Optimistic vs Pessimistic Thinking

Lesson Transcript
Instructor: Yolanda Williams

Yolanda has taught college Psychology and Ethics, and has a doctorate of philosophy in counselor education and supervision.

Do you always find the good in any situation? If so, you might be an optimistic thinker. In this lesson, we will discuss optimistic thinking, pessimistic thinking, and determine which method of thinking is best. Updated: 07/24/2020

Optimistic or Pessimistic?

Jayla and Tim are two close friends who do everything together. They even have all of the same classes. Jayla and Tim's least favorite subject is math, so the duo was completely caught off guard when they walked into their math class and were given a pop quiz. Neither Jayla nor Tim was prepared for the quiz. As a result, both received failing grades. After seeing her grade, Jayla thinks, 'The math test was tough! I will work hard and study so that I can do better on the next quiz. I will not fail again.' Tim thinks, 'I am so stupid. I always fail at everything. I will never do well in math.'

An error occurred trying to load this video.

Try refreshing the page, or contact customer support.

Coming up next: Realistic vs Optimistic Thinking

You're on a roll. Keep up the good work!

Take Quiz Watch Next Lesson
Your next lesson will play in 10 seconds
  • 0:04 Optimistic or Pessimistic?
  • 0:42 What Is Optimistic Thinking?
  • 2:06 What Is Pessimistic Thinking?
  • 2:47 Optimistic vs…
  • 4:05 Lesson Summary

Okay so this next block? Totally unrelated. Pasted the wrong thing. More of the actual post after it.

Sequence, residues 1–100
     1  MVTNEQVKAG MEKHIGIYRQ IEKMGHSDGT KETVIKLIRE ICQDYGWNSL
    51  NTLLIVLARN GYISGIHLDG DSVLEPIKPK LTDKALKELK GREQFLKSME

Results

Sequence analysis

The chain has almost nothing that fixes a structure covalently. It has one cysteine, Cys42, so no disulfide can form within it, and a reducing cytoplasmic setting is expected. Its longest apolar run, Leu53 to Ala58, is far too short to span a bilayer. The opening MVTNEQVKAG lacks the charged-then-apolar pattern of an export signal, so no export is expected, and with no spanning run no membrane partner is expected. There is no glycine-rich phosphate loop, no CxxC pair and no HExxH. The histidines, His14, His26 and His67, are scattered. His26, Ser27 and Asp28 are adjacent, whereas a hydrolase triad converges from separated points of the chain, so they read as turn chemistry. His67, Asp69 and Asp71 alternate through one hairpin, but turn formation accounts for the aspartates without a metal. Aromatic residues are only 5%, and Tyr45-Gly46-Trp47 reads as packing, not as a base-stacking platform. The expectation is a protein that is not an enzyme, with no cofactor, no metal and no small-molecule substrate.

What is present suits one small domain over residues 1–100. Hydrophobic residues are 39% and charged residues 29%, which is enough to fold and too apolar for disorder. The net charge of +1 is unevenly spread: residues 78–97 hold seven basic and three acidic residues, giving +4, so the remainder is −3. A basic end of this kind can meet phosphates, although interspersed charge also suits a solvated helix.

Save Save Save

Want to watch this again later?

Log in or sign up to add this lesson to a Custom Course.

Log in or Sign up

Speed Speed

What Is Optimistic Thinking?

Jayla is an example of optimistic thinking. Optimistic thinking is a type of positive thinking characterized by the belief that the future is full of hope and opportunities to be successful. They believe that negative events are caused by external factors, and that they are isolated exceptions to the rule.

When something bad happens, people who think optimistically believe that it's not something that will reoccur, they aren't responsible for the bad event, and the event has a limited effect. For example, Jayla believes that she failed the test because the test was difficult, which is an external factor. She believes that she's going to pass the next test, which indicates that Jayla believes that her failure is an unstable event that won't likely reoccur.

She also believes that her failure is a specific, isolated event. Had Jayla passed, she would have likely attributed her success to her math abilities, and believed that her abilities would allow her to continue to do well on future math tests, and that she will continue to be successful in other endeavors as well.

Optimistic thinking is beneficial because it increases your self-esteem, ability to handle stress, mood, ability to recuperate from sickness, and overall mental and physical health. However, too much optimistic thinking can result in making bad financial decisions and underestimating risks.

What Is Pessimistic Thinking?

Tim's response is an example of pessimistic thinking. Pessimistic thinking is a type of negative thinking that is characterized by the belief that bad things are a common occurrence and that there is little hope for the future. Unlike optimistic thinkers, pessimistic thinkers believe that bad events are internal, stable, and global.

For example, Tim believed that he failed the math quiz because he is stupid. Tim also believes that he'll just continue to fail math tests in the future and that he will fail at everything. If Tim had passed, he would have attributed his success to luck, believed that it would not happen again, and that it has no bearing on his future success.

To unlock this lesson you must be a Member.
Create your account

Register to view this lesson

Are you a student or a teacher?

Unlock Your Education

See for yourself why 30 million people use

Become a member and start learning now.
Become a Member  Back
What teachers are saying about
Try it now
Create an account to start this course today
Used by over 30 million students worldwide
Create an account